SharePoint Governance: What You Need to Know to Put a Plan Together

By Matthew Bretzius posted 06-13-2013 10:06

  

This is a guest post by Jeremy Thake, AvePoint Chief Architect and Microsoft SharePoint Most Valuable Professional (MVP)

(Note: This is part of our series “Collaborate with Confidence”. Previous posts: SharePoint Infrastructure Management: The Cost of Doing Business

So you’ve got your infrastructure up and running, and your SharePoint deployment is complete. The hard part is over – it’s time to sit back and let your business users go to work, collaborating and sharing data until their hearts are content, right? Think again.

SharePoint is a robust tool, but it’s not a well-oiled machine that can just monitor and run itself with a little help from its users, especially when you can’t trust that your users will always do the appropriate thing. Governance is a fundamental requirement for SharePoint success. So don’t let the inmates run the asylum – implement a governance plan and ensure your SharePoint delivers on the business drivers your organization requires.

What is Governance?

Let’s start off by saying that there is no set definition of governance, and not a single company in the marketplace “owns” how to “do” governance. Governance means different things to different people. At AvePoint, governance consists of the people, processes, policies, and technologies that deliver a service. This can be broken down further into four pillars:

  • People: Governance doesn’t exist without the people who create and develop the policies and plans. The governance plan must cover people’s roles and tasks as well as incorporate change in human capital due to turnover and expansion.
  • Processes: Steps taken to achieve a business goal, with the output usually occurring in a product or service.
  • Policies: While a governance plan is about guiding people to do the right thing, there are cases – sometimes due to regulatory or statutory requirements – where policies are mandatory and users are then required to abide by them.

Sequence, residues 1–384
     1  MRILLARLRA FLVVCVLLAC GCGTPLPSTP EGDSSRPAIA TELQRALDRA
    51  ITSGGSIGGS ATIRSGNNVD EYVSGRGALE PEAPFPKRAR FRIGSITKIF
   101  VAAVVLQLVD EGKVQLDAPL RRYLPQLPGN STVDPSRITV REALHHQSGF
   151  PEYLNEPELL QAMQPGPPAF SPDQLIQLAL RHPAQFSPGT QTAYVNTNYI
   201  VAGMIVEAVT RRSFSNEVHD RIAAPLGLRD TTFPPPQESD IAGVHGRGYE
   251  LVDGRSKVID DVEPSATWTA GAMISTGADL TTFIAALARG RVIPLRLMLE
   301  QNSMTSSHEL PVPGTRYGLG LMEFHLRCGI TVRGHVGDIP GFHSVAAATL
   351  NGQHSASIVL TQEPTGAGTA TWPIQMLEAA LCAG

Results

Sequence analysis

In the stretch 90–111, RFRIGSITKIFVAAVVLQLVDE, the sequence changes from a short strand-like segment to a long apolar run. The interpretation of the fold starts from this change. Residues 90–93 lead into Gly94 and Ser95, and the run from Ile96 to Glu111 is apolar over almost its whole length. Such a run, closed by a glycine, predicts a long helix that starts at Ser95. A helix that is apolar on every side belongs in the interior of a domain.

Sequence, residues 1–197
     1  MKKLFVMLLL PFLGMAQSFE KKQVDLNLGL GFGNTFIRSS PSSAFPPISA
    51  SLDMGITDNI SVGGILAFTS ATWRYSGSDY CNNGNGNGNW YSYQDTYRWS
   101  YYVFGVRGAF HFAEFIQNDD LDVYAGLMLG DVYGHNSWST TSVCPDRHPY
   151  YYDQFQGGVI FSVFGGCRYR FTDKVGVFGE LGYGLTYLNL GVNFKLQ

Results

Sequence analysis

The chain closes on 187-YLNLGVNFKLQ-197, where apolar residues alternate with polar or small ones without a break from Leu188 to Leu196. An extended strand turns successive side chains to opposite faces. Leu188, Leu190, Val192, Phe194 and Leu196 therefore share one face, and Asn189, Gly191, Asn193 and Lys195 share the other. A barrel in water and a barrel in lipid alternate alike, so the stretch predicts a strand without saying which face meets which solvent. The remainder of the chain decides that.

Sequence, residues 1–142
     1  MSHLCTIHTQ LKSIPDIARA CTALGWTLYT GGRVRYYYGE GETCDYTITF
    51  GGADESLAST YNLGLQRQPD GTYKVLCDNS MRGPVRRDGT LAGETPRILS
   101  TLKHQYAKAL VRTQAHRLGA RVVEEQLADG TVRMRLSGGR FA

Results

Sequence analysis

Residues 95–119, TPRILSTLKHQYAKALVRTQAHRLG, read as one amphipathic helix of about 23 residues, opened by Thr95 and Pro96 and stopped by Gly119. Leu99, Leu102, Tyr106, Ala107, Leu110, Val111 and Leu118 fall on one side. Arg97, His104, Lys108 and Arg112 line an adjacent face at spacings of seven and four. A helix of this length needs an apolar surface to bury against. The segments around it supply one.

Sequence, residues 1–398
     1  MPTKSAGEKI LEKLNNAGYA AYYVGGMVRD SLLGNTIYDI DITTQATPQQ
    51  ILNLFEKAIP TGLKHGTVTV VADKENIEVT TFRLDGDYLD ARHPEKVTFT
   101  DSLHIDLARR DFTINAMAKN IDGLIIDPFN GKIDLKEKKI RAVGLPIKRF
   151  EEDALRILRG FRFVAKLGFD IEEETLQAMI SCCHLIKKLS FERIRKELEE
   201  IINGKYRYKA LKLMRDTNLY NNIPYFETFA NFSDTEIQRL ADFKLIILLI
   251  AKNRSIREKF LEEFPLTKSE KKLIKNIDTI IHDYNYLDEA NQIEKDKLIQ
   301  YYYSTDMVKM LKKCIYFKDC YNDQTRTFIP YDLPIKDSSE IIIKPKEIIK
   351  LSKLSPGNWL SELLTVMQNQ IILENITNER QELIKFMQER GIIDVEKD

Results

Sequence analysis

• Technologies: The features or limitations of a platform or product (technology) influence how the governance plan is implemented, regardless of the processes and policies established by the people.

What Can Go Wrong?

When considering how to put together your governance plan and policies, you must identify the business requirements that your policy and plan must meet. There are a number of risks associated with not developing a sound governance plan, with negative consequences resulting if your plan does not account for the following characteristics:

  • Accountability: Think of this as content ownership for the entire content lifecycle. All organizations will have employee turnover, so it is vital to ensure constant ownership of all content.
  • Appropriateness: There is some content, like personally identifiable information such as social security numbers, which should not be on SharePoint. Having a plan in place to define which content should “live” in SharePoint is crucial.
  • Compliance: Making sure information is accessible to those who need access to it and secure from those who do not.
  • Discoverability: SharePoint content needs to be discoverable, and while SharePoint search is a powerful feature, it requires planning and regular tuning to deliver relevant results.
  • Driving Up Adoption Levels: If you’re putting SharePoint in place, you want your employees to use it, right? A governance plan can help your employees understand who should use SharePoint, and how.
  • Quality: Just because you can keep all of your content in SharePoint doesn’t necessarily mean you should. You want to ensure that only the content with the highest quality is kept, while stale content is properly archived.
  • Restrictions: Going along with compliance, not all content is created with the expectation that it should be available to everyone in the organization. Implementing content restrictions ensures information confidentiality, integrity, and availability is kept when necessary.
  • Training: Don’t just teach employees how to use SharePoint; teach them how they should be using SharePoint within your organization to complete daily tasks.

If you develop a solid governance plan, you will have your employees not only using SharePoint, but using it the right way for your organization. In our next post, we’ll talk about how much governance your organization needs, and how you can actually get started in putting together your governance plan.



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